Every year, the auto world descends on Detroit for the North American International Auto Show (NAIAS), commonly referred to as the Detroit Auto Show, to see the future. In a world increasingly focused on the future of personal transportation, cars have become a staple of other large shows, most notably CES. This has led some to question whether the Detroit Auto Show is even necessary in today’s world. It’s a valid question, but the fact remains that Detroit is still the car capital of the world, and what happens in the Motor City is extremely relevant to the future of the industry. Other shows will tout incredible tech, but the Detroit Auto Show is where you need to be to hear folks discuss cars. Really talk about them. Horsepower, ride, driving capability, all the metrics car fanatics obsess over. That’s what the Detroit Auto Show is for.
It’s also a place, still a place, for companies to show the world a glimpse of what their personal futures might be. Often that comes via concept cars, beautiful, sometimes absurd, models that may never see the light of day but can hold key secrets to the kind of vehicles we’ll see in the next decade.
This year’s NAIAS was filled with intriguing concept cars, and these are the coolest of the bunch.
5. Nissan Titan Warrior
A more traditional concept, meaning there isn’t an incredibly futuristic design or expensive tech, the Titan Warrior is Nissan’s vision for a new look it calls “modern armor.” An apt description as the concept truck looks fit for a war zone, but the look isn’t singular. It’s easy to imagine this 390-horsepower behemoth barreling down the road from a construction site. The look provides impressive flair, a feature often missing from this subset of trucks. Whether Nissan decides to put this monster into production is, of course, a mystery. If it did, though, the Ford Super Duty and Chevy Silverado 1500 would have to reconsider their aesthetic games.
4. Kia Telluride
Known primarily for its line of economy sedans, Kia will look to diversify its portfolio in the next few years. The Detroit Auto Show saw an example of that diversification with the Telluride concept, a three-row, seven passenger SUV that is brimming with technology. The car harkens an older era of SUVs with its boxy stylings and upright stature. It has a dominating front-end that exudes power, and concept-standard suicide doors.
Inside, the Telluride has an impressive list of tech at work. The front captain seats each feature a “Smart Sensor” that reads occupants’ vitals and displays them on a screen on the interior door panel. The second row has Swipe Command, a control system that allows users to swipe across a touch-sensitive band on the center console. The concept’s traditional stats aren’t too shabby, either. The Telluride packs a hybrid powertrain that combines a 3.5-liter, 270-horsepower V6 and a 130-horsepower electric motor for a total 400hp.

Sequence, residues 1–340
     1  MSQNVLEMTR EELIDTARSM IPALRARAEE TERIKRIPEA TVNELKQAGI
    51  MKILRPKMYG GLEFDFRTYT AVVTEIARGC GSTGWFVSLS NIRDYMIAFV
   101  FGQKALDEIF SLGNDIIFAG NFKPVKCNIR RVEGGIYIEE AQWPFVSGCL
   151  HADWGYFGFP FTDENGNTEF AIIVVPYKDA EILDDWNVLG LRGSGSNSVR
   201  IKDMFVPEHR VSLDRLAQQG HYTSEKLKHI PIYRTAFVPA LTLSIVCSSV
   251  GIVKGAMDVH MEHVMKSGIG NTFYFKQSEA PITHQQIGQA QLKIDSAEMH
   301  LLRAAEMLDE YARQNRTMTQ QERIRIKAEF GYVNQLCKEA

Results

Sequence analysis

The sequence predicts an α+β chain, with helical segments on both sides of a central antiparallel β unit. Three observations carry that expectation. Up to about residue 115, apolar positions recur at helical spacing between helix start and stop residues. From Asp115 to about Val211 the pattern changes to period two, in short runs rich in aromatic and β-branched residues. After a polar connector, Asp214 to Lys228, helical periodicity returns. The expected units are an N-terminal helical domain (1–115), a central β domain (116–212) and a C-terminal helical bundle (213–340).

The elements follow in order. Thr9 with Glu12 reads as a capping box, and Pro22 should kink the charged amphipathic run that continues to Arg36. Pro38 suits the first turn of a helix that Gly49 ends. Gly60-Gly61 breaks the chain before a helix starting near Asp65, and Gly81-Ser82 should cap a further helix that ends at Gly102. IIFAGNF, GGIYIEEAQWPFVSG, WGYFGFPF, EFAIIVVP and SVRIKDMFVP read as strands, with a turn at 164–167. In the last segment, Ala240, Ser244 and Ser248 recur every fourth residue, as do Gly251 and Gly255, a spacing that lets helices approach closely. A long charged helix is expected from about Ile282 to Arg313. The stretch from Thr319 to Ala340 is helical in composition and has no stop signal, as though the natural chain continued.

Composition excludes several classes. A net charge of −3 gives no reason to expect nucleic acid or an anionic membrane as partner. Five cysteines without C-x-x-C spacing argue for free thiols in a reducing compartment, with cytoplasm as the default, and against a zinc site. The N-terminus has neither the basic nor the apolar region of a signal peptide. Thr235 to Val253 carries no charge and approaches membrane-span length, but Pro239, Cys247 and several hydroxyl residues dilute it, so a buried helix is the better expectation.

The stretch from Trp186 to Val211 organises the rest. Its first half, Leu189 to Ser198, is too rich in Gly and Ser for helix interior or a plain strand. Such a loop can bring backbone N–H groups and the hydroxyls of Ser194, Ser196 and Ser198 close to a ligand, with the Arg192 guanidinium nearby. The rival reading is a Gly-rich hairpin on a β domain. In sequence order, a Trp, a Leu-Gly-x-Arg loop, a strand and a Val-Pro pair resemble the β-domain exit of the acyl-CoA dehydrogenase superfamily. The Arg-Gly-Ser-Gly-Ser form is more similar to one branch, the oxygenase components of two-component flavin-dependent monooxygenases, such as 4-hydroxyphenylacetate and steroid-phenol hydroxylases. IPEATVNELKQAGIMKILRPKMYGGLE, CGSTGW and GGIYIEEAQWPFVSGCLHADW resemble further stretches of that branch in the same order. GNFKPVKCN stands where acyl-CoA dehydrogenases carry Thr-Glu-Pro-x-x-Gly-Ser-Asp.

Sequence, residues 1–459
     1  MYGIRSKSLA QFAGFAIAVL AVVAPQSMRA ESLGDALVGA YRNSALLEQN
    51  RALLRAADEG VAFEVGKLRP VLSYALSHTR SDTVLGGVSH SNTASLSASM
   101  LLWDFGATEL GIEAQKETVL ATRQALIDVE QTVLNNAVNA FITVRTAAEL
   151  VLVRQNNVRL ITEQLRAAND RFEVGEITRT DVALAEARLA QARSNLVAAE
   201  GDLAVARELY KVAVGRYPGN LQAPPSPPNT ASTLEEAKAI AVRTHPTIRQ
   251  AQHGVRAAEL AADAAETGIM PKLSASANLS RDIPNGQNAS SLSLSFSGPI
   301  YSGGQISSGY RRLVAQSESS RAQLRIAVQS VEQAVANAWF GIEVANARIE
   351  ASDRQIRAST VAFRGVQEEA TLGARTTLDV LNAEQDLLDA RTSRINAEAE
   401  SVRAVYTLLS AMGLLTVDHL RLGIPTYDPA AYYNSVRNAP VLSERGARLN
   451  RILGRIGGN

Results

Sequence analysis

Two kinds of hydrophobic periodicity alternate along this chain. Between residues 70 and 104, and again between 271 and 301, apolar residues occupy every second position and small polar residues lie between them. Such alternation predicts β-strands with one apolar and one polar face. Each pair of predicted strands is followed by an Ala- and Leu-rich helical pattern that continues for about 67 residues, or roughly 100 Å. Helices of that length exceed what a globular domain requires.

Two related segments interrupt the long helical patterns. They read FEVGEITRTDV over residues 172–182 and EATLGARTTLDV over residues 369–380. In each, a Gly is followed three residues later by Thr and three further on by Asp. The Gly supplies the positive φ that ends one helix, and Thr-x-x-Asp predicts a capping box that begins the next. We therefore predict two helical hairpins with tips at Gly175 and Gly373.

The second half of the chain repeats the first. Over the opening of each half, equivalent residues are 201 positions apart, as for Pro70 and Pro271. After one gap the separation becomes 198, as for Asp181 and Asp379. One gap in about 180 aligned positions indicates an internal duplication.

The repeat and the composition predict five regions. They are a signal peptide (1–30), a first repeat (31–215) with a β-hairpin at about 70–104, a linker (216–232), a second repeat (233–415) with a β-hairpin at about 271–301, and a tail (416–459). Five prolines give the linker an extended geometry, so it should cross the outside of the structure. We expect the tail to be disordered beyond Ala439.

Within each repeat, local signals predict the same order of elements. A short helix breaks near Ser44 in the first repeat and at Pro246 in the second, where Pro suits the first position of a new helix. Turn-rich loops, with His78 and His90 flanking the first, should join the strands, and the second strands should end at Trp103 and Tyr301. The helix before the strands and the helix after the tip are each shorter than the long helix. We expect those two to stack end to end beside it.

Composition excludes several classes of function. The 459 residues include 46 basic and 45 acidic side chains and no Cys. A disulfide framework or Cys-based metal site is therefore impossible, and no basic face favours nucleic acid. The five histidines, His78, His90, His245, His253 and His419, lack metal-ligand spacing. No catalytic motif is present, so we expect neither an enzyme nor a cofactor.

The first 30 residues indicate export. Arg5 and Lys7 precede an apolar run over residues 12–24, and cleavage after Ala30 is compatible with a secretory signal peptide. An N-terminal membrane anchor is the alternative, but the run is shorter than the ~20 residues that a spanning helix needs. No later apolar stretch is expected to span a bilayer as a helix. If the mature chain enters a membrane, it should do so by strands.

3. Audi h-tron quattro
Hydrogen-powered vehicles have long been thought of as a possible solution to the fossil fuel dependency the auto industry has operated within for much of its history and now they are closer than ever to becoming a reality. Audi’s h-tron quattro proves that. Besides displaying the possibilities of fuel cell technology, the concept SUV comes with an impressive 372-mile range (on a single tank of hydrogen), the ability to go 0-60mph in less than 7 seconds and a refueling time of just four minutes.
Like many concept cars, the h-tron quattro also features a glimpse at future technologies Audi will include in other production vehicles. Chief among them are the company’s piloted driving and parking technologies, which hinges on what Audi calls the “central driver assistance controller.” The controller is a device that computes a model of the car’s surroundings in real-time, making the information available to the piloted driving and parking systems that work similarly to Tesla’s Autopilot. The features are expected to first see the road in 2017 with Audi’s next generation A8 full-size sedan. The hydrogen SUV also includes curved OLED touchscreen displays on the interior, furthering the notion that your dashboard is going to get a lot more hi-tech in the next few years.
2. Acura Precision Concept
The Precision Concept is a design study for the future of Acura. Nearly everything found on the car’s striking exterior can’t be seen on the road today in the company’s current lineup of nice, but stale, vehicles. It’s far bolder than the automaker has displayed a liking for in the past, which is what makes the Precision Concept so interesting, and needed. Few car companies need a refresh as badly as Acura, and the debut of the aggressive concept car in Detroit this year is a sign the company is aware of its image problem. The Precision Concept is a tease, Acura’s feature models are almost guaranteed to include some of the design language premiered with the concept, meaning the company’s fleet could be a lot more eye-catching in the next decade.
1. Buick Avista
Like Acura, Buick is in the midst of attempting a brand revitalization, evidenced by the company’s current marketing campaign. Unlike its current vehicles, which still skew dangerously conservative, the Avista is a gorgeous shot of modernity. The car is built on the same platform as the new Chevy Camaro and features an impressive 400hp thanks to its twin-turbo V6. The car is primarily about looks, though, and it can’t be said enough: the Avista is stunning. It is an elegantly designed car that can stand toe-to-toe with some of the best luxury coupes on the road today. Perhaps even more impressive, in today’s world of leaks upon leaks, the Avista was a complete surprise. No one saw a stylish coupe from Buick coming, but most were elated it arrived. Buick would be smart to put it into production, though the word thus far is that they are unlikely to do so.